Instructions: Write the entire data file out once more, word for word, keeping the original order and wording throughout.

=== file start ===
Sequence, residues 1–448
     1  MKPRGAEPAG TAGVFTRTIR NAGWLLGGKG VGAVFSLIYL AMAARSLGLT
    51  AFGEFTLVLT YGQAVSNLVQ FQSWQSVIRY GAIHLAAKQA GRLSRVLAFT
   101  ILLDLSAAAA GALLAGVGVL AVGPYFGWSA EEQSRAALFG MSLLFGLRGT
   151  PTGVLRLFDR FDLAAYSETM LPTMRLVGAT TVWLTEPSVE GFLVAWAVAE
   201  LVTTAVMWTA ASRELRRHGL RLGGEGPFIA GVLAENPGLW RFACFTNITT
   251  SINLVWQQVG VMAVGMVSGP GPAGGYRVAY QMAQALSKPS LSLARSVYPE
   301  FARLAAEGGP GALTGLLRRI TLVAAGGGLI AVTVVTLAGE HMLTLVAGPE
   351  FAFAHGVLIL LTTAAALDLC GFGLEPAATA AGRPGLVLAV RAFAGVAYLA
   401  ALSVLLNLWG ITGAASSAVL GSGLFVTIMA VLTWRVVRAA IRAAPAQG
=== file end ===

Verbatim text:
Sequence, residues 1–448
     1  MKPRGAEPAG TAGVFTRTIR NAGWLLGGKG VGAVFSLIYL AMAARSLGLT
    51  AFGEFTLVLT YGQAVSNLVQ FQSWQSVIRY GAIHLAAKQA GRLSRVLAFT
   101  ILLDLSAAAA GALLAGVGVL AVGPYFGWSA EEQSRAALFG MSLLFGLRGT
   151  PTGVLRLFDR FDLAAYSETM LPTMRLVGAT TVWLTEPSVE GFLVAWAVAE
   201  LVTTAVMWTA ASRELRRHGL RLGGEGPFIA GVLAENPGLW RFACFTNITT
   251  SINLVWQQVG VMAVGMVSGP GPAGGYRVAY QMAQALSKPS LSLARSVYPE
   301  FARLAAEGGP GALTGLLRRI TLVAAGGGLI AVTVVTLAGE HMLTLVAGPE
   351  FAFAHGVLIL LTTAAALDLC GFGLEPAATA AGRPGLVLAV RAFAGVAYLA
   401  ALSVLLNLWG ITGAASSAVL GSGLFVTIMA VLTWRVVRAA IRAAPAQG